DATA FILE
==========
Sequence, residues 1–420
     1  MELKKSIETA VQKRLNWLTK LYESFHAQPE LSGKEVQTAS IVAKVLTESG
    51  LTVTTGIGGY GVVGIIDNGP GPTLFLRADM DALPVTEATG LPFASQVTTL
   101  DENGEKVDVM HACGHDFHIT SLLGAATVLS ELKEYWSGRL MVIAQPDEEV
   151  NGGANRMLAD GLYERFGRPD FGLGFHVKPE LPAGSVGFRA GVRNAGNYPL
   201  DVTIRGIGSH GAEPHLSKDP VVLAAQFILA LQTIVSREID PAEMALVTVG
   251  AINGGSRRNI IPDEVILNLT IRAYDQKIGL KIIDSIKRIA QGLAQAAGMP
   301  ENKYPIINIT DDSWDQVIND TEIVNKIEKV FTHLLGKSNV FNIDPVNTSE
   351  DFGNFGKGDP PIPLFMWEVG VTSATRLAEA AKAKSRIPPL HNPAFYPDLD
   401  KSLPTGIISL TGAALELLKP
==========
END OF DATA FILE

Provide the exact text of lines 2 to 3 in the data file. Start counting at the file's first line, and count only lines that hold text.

     1  MELKKSIETA VQKRLNWLTK LYESFHAQPE LSGKEVQTAS IVAKVLTESG
    51  LTVTTGIGGY GVVGIIDNGP GPTLFLRADM DALPVTEATG LPFASQVTTL